Latent phase of labour

A Parent Information Leaflet

This leaflet is to help you understand the process of labour, especially the early part of the first stage, which is called the latent phase. Included are suggestions for you and your birth partner on how to cope at home or within the hospital setting during your latent phase. Working out whether you are in the early stages of labour or not can be very confusing. This leaflet was produced to help your understanding of labour and answer any questions you may have. Remember that every woman’s labour is different and sometimes it can take a long time. This is perfectly normal. If you think you are in the early stages of labour, the main thing to remember is to stay calm and relaxed.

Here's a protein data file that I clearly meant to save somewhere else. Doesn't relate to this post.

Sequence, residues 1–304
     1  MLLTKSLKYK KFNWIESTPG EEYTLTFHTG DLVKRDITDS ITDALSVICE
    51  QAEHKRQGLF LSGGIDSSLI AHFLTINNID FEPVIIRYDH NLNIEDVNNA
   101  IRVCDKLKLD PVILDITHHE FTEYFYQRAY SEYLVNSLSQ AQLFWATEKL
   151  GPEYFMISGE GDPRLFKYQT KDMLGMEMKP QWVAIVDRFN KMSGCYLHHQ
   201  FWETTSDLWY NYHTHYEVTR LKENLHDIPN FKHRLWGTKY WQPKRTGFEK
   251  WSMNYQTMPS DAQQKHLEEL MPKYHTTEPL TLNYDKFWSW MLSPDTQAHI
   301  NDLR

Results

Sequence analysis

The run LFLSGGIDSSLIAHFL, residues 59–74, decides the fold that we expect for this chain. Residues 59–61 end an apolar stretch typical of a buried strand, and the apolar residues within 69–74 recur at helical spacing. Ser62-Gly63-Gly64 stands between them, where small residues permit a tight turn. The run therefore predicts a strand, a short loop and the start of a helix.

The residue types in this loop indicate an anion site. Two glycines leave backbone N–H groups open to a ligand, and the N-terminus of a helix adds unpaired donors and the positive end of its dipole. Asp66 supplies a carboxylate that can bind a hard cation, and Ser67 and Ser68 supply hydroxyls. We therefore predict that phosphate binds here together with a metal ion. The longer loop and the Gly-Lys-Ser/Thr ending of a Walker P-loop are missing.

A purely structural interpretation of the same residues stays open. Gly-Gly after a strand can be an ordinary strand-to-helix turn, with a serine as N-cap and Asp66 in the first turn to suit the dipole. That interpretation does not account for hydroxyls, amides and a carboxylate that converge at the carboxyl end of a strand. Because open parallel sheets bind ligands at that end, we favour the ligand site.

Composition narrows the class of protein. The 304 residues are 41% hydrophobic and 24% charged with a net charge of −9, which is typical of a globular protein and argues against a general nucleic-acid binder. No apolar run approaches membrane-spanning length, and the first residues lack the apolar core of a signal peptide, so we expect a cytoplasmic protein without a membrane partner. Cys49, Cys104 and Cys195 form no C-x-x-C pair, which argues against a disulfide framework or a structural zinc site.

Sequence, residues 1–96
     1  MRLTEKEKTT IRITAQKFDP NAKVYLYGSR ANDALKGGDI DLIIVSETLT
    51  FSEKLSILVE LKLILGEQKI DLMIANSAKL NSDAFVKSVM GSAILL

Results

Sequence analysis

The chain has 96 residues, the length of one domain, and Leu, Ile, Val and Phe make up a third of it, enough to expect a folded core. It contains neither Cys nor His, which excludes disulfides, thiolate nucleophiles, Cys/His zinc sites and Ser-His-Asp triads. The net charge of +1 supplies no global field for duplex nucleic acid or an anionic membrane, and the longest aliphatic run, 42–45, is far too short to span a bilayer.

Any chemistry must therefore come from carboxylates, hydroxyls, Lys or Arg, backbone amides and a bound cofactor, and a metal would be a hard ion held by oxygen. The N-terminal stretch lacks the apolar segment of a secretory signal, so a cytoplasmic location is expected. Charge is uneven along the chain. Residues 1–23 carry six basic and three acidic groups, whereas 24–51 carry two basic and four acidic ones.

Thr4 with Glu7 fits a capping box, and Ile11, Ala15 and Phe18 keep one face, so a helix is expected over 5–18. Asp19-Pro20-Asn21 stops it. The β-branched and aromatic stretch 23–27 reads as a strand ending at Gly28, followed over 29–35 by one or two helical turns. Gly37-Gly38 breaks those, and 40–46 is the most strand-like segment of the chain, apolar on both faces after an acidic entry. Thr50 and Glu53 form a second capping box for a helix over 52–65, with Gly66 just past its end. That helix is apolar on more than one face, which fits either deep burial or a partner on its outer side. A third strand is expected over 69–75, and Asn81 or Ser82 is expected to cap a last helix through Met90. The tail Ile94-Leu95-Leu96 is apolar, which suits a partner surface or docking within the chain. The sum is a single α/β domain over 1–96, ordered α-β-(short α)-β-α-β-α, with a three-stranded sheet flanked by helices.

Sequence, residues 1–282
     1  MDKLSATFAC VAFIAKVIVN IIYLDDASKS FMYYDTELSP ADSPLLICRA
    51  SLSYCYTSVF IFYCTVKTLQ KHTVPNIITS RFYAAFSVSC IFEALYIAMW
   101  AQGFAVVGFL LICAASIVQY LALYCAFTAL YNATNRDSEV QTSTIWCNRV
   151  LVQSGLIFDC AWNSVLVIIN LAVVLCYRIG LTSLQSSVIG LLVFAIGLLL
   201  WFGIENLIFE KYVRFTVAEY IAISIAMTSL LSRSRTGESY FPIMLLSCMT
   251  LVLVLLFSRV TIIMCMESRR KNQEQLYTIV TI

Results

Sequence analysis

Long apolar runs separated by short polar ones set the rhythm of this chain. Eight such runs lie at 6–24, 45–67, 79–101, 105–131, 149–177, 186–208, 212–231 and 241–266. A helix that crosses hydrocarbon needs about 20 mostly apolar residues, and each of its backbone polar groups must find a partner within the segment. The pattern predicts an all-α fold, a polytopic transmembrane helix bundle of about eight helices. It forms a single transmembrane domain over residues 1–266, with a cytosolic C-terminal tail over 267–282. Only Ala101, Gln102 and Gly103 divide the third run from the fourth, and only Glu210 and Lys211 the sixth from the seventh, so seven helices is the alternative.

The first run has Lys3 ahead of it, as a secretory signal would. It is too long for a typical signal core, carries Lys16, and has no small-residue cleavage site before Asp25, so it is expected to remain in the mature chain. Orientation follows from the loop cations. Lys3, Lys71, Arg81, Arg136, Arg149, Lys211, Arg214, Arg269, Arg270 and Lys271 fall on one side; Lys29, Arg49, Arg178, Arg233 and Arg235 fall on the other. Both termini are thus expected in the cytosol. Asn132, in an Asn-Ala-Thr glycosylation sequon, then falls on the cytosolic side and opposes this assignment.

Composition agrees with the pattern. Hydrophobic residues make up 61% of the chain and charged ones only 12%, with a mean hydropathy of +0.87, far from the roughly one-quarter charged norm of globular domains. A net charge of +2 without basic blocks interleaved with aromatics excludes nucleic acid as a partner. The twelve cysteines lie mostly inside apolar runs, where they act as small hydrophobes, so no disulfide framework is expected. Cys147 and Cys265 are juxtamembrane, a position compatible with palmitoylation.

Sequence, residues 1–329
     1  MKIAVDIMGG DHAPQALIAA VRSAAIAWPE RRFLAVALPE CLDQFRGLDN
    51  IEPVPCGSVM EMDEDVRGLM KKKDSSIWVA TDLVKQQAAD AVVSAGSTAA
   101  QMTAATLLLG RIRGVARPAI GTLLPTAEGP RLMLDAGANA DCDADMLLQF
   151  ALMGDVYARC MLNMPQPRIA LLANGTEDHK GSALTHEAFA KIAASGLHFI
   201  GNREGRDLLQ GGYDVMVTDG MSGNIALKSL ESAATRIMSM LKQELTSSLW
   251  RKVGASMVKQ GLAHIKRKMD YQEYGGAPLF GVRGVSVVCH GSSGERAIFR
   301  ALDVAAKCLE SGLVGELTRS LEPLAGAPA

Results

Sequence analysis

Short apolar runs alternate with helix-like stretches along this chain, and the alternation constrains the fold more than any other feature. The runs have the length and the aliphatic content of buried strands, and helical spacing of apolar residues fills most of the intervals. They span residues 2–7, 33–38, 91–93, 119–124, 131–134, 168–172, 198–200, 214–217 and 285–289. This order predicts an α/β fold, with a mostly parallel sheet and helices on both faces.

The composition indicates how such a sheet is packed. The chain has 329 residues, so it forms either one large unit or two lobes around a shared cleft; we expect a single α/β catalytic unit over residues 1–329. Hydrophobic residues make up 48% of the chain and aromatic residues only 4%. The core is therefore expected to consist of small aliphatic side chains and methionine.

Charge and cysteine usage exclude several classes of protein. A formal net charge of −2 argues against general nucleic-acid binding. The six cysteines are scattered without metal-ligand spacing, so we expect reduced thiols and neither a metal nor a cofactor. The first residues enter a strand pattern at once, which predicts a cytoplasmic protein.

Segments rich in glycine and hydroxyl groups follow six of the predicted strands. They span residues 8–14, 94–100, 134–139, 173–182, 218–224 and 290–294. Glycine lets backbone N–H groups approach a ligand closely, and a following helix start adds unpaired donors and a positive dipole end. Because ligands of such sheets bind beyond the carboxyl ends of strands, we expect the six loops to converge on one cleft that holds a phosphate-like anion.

Stages of Labour:

There are 3 stages of labour:

  1. The first stage, when the neck of the womb (cervix) opens to 10 centimetres.
  2. The second stage, when the baby moves down through the vagina and is born.
  3. The third stage, when the placenta (after birth) is delivered.

Before labour starts, the neck of the womb is long, firm and closed. As the latent phase begins, the neck of the womb begins to shorten and soften (known as effacement) and will start to open (dilate) up to four centimetres. There may be contractions at this point, but they are often irregular, short lasting and not quite as strong as the active phase of labour – although in some cases they can still be quite intense. The active phase is when the labour has become established, meaning that the cervix is open to four centimetres or more and the contractions are regular, stronger and lasting longer than before.